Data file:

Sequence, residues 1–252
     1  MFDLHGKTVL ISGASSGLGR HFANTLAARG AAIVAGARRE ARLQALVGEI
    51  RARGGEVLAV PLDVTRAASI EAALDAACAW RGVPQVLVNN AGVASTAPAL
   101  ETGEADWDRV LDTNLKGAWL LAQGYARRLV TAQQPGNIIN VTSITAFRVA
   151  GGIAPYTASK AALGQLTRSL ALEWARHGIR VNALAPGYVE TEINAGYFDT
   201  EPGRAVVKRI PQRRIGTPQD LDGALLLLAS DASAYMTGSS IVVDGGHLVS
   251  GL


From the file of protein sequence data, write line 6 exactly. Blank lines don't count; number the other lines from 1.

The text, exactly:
   201  EPGRAVVKRI PQRRIGTPQD LDGALLLLAS DASAYMTGSS IVVDGGHLVS